What squabbles do you have in your household over which items go in the pantry versus the fridge? We break down some of the common misconceptions of what goes where.
Then, author Jim Bastian joins to discuss his two books, Wisconsin Logging Camp, 1921, and its sequel, Willa’s Pursuit.
Does the mustard go in the fridge or in the pantry? We go through some common and not-so-common kitchen food items and debunk where they go.
Apparently, food storage recommendations are created to address two separate considerations: safety and quality. And apparently, a lot of the guidance surrounding condiments revolves around quality. The idea is to prevent the food from deteriorating, whether that means separation, flavors, or spoilage. (beyond being a ridiculous word, spoilage is actually more of a quality issue than a safety one.)
Where do you put the following items:
Wisconsin resident and author, Jim Bastian, joins to talk about his new book Willa’s Pursuit, which is a sequel to his first book, Wisconsin Logging Camp, 1921. We discuss the origin of the first book, the historical research that went into writing it, and how long it took Jim to write it.
Here’s a synopsis of each book:
In the winter of 1971, graduate student Willa immerses herself in a sensory deprivation tank for a routine psychological experiment. The hallucinations and delusions she experiences in the tank are considered normal side effects, but the sudden ability to speak fluent French is not. Each time she enters the tank, she becomes more convinced the hallucinations are actually someone else’s memories. Her boyfriend dismisses her delusions and resulting anxiety and depression as proof that she is having a psychotic break. But what if her new abilities mean something more? Set in Wisconsin during the social turmoil and budding psychological science of the early 1970s, and inspired by actual events, Willa’s pursuit of the source of her visions and fluency in French (a condition called xenoglossia) unearths an unlikely archaeological discovery and a shocking truth that changes her life forever.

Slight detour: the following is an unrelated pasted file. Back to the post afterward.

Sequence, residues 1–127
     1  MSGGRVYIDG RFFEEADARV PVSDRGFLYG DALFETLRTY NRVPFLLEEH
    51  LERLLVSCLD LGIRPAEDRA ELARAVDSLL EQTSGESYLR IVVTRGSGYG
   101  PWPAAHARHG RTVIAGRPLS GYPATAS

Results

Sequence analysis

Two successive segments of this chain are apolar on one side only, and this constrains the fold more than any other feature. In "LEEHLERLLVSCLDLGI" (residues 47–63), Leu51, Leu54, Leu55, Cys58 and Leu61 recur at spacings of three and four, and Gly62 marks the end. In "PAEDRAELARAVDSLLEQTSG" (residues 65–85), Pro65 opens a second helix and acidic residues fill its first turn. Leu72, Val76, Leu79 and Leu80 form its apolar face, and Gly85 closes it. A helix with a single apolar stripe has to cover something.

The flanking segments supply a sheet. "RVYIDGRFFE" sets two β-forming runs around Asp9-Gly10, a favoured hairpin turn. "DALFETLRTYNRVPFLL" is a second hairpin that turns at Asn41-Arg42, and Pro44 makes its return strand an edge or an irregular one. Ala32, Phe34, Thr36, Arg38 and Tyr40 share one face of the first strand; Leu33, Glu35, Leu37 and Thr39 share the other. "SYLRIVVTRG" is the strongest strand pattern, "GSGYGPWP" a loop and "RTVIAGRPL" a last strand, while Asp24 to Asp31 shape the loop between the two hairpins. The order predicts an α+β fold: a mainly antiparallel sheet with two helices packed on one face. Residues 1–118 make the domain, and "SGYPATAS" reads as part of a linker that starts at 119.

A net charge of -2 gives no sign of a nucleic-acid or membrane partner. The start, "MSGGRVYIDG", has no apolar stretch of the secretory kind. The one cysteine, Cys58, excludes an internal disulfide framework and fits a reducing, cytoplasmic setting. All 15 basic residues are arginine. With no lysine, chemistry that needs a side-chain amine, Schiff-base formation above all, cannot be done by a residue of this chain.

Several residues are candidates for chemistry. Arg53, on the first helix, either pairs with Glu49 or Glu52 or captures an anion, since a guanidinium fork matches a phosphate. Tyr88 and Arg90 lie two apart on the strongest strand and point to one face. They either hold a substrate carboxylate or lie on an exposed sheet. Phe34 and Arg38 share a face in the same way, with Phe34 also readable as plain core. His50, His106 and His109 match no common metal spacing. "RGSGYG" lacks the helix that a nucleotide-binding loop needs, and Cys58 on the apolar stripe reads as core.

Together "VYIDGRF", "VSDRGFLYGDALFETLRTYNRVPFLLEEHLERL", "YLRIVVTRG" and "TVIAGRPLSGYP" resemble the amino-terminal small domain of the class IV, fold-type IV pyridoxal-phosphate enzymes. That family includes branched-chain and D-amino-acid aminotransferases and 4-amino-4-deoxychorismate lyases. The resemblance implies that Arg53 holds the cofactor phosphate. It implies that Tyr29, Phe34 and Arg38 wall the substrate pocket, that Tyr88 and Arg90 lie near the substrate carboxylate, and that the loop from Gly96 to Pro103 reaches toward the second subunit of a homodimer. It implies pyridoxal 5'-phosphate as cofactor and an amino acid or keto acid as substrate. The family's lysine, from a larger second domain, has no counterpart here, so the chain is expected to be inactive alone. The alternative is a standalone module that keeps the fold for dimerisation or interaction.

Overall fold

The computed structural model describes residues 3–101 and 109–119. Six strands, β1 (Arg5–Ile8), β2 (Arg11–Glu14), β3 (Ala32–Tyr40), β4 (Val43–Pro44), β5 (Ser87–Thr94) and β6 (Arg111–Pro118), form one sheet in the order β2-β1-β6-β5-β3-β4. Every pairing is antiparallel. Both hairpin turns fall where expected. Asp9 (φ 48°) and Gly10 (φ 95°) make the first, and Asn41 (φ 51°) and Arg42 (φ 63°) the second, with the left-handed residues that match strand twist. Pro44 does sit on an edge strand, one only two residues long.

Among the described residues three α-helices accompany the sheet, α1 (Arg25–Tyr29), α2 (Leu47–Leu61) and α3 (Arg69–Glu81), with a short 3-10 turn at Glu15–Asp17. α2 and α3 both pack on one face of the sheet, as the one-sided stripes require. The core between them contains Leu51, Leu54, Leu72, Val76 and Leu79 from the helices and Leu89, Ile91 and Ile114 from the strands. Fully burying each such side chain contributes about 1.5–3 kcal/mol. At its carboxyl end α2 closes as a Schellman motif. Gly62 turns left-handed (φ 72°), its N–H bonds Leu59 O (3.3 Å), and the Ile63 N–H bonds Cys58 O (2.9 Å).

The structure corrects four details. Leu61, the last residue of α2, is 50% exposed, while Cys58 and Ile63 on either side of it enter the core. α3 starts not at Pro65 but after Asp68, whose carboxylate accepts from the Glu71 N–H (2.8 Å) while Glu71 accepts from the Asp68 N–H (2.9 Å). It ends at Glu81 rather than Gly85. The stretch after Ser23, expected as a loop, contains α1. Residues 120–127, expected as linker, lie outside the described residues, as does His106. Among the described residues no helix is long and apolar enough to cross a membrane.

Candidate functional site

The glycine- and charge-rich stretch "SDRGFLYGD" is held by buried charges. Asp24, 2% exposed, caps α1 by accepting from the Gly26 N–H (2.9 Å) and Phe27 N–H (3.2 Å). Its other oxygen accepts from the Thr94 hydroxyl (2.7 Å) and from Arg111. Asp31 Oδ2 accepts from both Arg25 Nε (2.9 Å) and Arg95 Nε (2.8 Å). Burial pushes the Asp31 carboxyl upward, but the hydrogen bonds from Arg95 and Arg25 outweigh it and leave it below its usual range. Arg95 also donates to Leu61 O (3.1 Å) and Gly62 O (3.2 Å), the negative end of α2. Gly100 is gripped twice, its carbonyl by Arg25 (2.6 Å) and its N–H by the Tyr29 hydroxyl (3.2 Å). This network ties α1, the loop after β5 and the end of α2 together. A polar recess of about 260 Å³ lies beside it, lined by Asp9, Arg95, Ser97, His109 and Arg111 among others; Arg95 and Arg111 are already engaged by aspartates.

The narrative entwines the fictional story of an eight-year-old boy, Will, within that period’s rich historic context. The story meticulously incorporates the history of logging in Wisconsin, the flu pandemic, Prohibition, World War I, and post-war American culture, specific to that time and place. Will’s story reflects the challenges, hardships, and ethnic discrimination faced and overcome by American immigrants, then and now.
These themes remain as relevant today as they were in 1920, and portray an archetypal immigrant experience, which is part of the proud, shared heritage of all Americans. The colorful language, rich history, characters, and Wild West atmosphere of the region will appeal to all readers.
Go buy tickets here: The Laughing Tap
$20 tickets, no drink minimum, the best deal in town!